Maintenance Planning is the process of describing requirements and tasks to be accomplished for achieving, restoring, or maintaining the operational capability of a system, equipment, or facility. The maintenance concept employed under Evolutionary Acquisition is not limited to any predetermined subset of those available to traditional acquisition programs. However, with the planned, methodical progression from the first increment to the last, the selection of two versus three levels of maintenance, the provider of base-level maintenance services for new and peculiar items, and the Source of Repair Assignment Process (SORAP) recommendation for the provision of depot-level maintenance take on added elements of complexity. Alternatives range from interim contractor support (ICS) for short periods, contractor logistics support (CLS) for longer periods, organic support, or public and private partnerships, whichever combination makes the most economical and mission support sense. It is important to recognize that the complexities of multiple increments do not necessarily drive the default decision toward using a contractor as the maintenance provider. Any potential contractor must face the same complexities, and as such, it may prove to be cost prohibitive to contract for such services. That said, only after a thorough repair level analysis (RLA) is completed will it be clear whether the maturity, stability, and complexity of the system design is appropriate for a contractor-provided maintenance scenario over that of an organic source.
Supply Support planning is used to acquire, catalog, receive, store, transfer, issue, and dispose of items to meet the user's peacetime and wartime requirements. In an EA environment, a supply support for the initial increment is likely to be provided through an ICS structure, without necessarily putting all the required supply management data interfaces in place. After the initial increment, the single manager will need to consider whether the priority of the mission, mission requirements, and date the increments need to be in operation can be met through normal organic provisioning processes, further interim contractor logistics support (using the Reformed Supply Support Process), or permanent contractor logistics support. Supply support may become more standardized and organically provided as the program moves to subsequent increments, the design stabilizes, and operational usage increases. Unique processes should be minimized with subsequent increments.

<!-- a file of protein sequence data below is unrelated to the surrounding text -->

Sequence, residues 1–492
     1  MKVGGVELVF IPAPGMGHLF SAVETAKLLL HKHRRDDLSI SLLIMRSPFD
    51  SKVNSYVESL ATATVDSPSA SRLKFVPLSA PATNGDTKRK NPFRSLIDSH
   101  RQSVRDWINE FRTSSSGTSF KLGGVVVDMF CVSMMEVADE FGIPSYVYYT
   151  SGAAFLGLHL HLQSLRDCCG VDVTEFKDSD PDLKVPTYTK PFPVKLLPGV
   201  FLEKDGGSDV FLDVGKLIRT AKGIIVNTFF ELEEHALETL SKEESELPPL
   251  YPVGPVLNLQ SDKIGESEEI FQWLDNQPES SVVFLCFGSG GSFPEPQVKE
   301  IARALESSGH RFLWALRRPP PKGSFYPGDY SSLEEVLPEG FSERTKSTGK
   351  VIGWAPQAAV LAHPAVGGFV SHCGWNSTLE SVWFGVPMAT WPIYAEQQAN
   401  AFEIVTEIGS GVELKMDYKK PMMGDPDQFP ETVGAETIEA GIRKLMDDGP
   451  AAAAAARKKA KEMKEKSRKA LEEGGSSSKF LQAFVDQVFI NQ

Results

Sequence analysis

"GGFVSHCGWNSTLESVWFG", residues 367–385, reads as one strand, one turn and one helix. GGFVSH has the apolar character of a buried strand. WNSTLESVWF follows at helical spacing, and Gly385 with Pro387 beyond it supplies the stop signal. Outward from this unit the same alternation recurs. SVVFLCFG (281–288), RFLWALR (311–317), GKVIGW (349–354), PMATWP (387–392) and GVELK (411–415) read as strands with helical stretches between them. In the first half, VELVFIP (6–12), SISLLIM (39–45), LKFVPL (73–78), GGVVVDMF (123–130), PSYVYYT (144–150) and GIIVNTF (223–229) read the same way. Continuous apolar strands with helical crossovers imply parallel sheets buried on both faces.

Design Interface integrates logistics-related readiness, combat capability, and supportability design parameters into system and equipment design. (7) This element is often an overlooked element, yet it is far and away the most powerful one. By leveraging support considerations into system design, the greatest influence is made on logistics support, life-cycle cost, and the ability to carry out sustained warfighting missions. If spares and support equipment are to be more common, the system must be designed that way. If the new components are to be more reliable than their predecessors, they must be designed that way. If maintenance is to be simplified, the system must be designed that way. Evolutionary Acquisition provides greater opportunity for driving weapon system capability improvement into designs, as the system design is programmed for change more often. If not planned properly, however, the potential for significantly greater life-cycle costs exists, if each increment drives costly changes to the existing logistical infrastructure. Historically accepted estimates tell us that, once designed, as much as 70-80 percent of a system's total life-cycle cost is predetermined. To accommodate multiple increments under Evolutionary Acquisition, the initial design should, therefore, be as reliable, flexible, adaptable, scalable, supportable, and transportable as current technology allows. Under an EA strategy, the opportunity to improve reliability on a fielded system happens much sooner and more often in a program as design changes with each increment could lower total ownership costs, as well as improve operational performance.
Packaging, Handling, Storage, and Transportation (PHS&T) planning determines environmental, preservation, storage, and transportability requirements and methods to ensure elimination or minimization of damage to the system or support infrastructure. Transportability is a design consideration to ensure all system equipment and support items can be delivered to the battlefield or the point of operational use effectively, efficiently, and safely. Under Evolutionary Acquisition, earlier delivery necessitates earlier transportability analysis. Operational delivery and use of the system in the earlier phases of development, combined with the greater likelihood of contractor inventory control points and other support infrastructure differences, impact transportation decisions. As a result, the program office must contact and work with its center's transportation specialist much earlier in the program, long before any operational use or movement is considered. In addition, PHS&T requirements will need to be reevaluated for each increment to determine if any new or unique needs must be met. Numerous configuration changes (physical, weight, dimensions, hazardous material, security classification or item fragility changes), possibly resulting in new national stock numbers, will also impact PHS&T and transportability analysis. With multiple configurations possible, the number of container and packaging designs and the importance of clear label marking and total asset visibility increase significantly. Since sound PHS&T elements are vital in both peacetime and contingency operations, system designs should specify maximum mobility footprint parameters.